However, with regard to § 23–1.7(e)(2), which states “[t]he parts of floors, platforms and similar areas where persons work or pass shall be kept free from accumulations of dirt and debris and from scattered tools and materials,” the claim premised on this provision was properly dismissed. Regardless of whether plaintiff was using Masonite for his work when the accident occurred, the protective covering had been purposefully installed on the floor as an integral part of the renovation project. As such, it cannot be construed as accumulated debris or scattered materials.
Jimenez v Monadnock Constr., Inc.
August 14, 2013
Appellate Division, Second Department
Plaintiff filed suit against defendants Monadnock, Related, Amsterdam and Sylgar (the main action) after allegedly sustaining an injury while working for Bedroc at a premise located in Manhattan. Plaintiff asserted common-law negligence and Labor Law violations. Thereafter, Monadnock, Amsterdam and Sylgar (third-party plaintiffs) filed a third-party action against Bedroc for indemnification to recover damages for breach of a contract to procure insurance and contribution.
Third-party plaintiffs also served a second compliant on ASCIC, which issued a liability insurance policy to Bedroc in connection with the work at the premises. ASCSI disclaimed coverage on behalf of ASCIC to Bedroc based on, among others, late notice and Global Associates, the broker which secured the policy. Third-party plaintiffs also amended their third-party compliant to add Bedroc as a defendant.
Bedroc asserted a cross-claim against ASCIC and ASCSI for judgment declaring that ASCIC was obligated to defend and indemnify it in the main action. Subsequently, Bedroc moved for summary judgment on its cross-claim and ASCIC and ASCSI cross-moved for judgment declaring they are not obligated to defend or indemnify Bedroc in the main action. The trial court denied Bedroc’s motion and granted the cross-motions.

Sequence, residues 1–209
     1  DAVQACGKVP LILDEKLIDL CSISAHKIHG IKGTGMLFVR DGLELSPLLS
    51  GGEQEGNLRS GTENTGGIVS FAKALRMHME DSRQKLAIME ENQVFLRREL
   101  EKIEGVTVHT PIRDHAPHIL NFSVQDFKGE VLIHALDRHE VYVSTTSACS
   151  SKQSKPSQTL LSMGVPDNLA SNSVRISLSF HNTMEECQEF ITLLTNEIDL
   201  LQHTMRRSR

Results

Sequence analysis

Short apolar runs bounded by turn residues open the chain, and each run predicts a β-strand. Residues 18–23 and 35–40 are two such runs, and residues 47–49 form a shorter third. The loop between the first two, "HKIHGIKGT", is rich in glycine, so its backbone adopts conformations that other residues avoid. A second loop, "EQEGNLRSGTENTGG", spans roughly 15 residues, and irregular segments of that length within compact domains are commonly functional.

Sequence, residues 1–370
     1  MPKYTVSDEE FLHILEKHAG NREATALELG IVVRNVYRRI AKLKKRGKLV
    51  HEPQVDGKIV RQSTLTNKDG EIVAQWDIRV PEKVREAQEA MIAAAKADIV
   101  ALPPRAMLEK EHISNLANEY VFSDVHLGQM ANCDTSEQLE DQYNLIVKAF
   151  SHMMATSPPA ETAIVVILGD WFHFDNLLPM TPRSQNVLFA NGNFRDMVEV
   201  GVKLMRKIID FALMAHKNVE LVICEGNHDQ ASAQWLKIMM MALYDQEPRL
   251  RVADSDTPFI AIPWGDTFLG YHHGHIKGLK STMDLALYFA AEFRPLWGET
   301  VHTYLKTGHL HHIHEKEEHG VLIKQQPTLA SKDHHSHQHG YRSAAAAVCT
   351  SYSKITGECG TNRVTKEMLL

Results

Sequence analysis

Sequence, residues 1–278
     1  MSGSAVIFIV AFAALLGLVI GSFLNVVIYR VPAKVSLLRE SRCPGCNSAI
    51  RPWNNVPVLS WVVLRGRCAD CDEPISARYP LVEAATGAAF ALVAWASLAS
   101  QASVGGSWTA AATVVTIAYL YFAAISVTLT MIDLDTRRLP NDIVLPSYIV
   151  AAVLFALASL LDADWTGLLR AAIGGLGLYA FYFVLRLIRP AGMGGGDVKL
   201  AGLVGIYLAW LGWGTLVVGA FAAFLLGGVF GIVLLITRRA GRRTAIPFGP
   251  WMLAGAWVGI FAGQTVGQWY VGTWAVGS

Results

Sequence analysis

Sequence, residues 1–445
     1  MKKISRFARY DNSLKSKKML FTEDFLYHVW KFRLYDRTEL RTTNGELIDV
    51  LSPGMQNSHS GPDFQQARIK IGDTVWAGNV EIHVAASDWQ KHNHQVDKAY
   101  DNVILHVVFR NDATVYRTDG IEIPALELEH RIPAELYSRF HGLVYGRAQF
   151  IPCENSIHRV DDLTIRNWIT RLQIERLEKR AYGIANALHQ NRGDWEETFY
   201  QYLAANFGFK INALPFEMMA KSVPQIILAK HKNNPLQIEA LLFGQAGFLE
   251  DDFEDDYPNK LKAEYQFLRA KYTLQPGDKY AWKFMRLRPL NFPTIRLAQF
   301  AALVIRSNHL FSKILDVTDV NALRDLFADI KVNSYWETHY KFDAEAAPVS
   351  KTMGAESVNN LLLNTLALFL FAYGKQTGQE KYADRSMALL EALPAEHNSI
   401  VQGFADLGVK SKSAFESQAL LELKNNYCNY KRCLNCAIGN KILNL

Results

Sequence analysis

Indemnity Issues in Labor Law (SEP)
At the time of the issuance of the policy, New Jersey, the state where ASCIC issued its policy, required a demonstration of prejudice before an insurer could disclaim based on late notice; New York did not.
“‘In the context of liability insurance contracts, the jurisdiction with the most significant relationship to the transaction and the parties [sic] will generally be the jurisdiction which the parties understood was to be the principal location of the insured risk . . . unless with respect to the particular issue, some other jurisdiction has a more significant relationship’” [internal substitutions and quotations omitted]. Where the covered risks are spread over multiple states, the state of the insured's domicile should be regarded as the principal location of the insured risk.
Here, based on the plain language of the subject policy, Bedroc and ASCIC understood that the insured risks were spread over multiple states and, in certain circumstances, beyond the United States. Moreover, the policy was issued to Bedroc, a New Jersey corporation, through a New Jersey broker, and contains a New Jersey endorsement. Accordingly, New Jersey law would apply and ASCIC’s disclaimer was invalid because ASCIC failed to show that it was prejudiced as a result of Bedroc’s late notice of the plaintiff's accident.
Ross v DD 11th Ave., LLC
August 21, 2013
Appellate Division, Second Department
Plaintiff, an employee of a superstructure contractor, was allegedly injured while stripping wooden forms that had served as frames into which concrete had been poured to form the reinforced concrete columns of a building under construction. Plaintiff testified the incident occurred after he piled a piece of wooden form from the concrete column and placed it on the floor. As he stood up, a separate piece of the form situated above the piece he just removed suddenly fell off the column, striking him in the face.
Plaintiff filed this action, asserting common-law negligence and violations of Labor Law §§ 200, 240(1) and 241(6). The trial court denied defendants motion for summary judgment dismissing plaintiff’s § 240(1) claim and § 241(6) claim based on 12 NYCRR § 23-2.2(a).
Labor Law § 240(1) (DRA)
To recover damages for violation of the statute, “plaintiff must show more than simply that an object fell causing injury to a worker.” Plaintiff must show that, at the time the object fell, it was “being hoisted or secured” or “required securing for the purposes of the undertaking.” Plaintiff must further show that the object fell “because of the absence or inadequacy of a safety device of the kind enumerated in the statute.”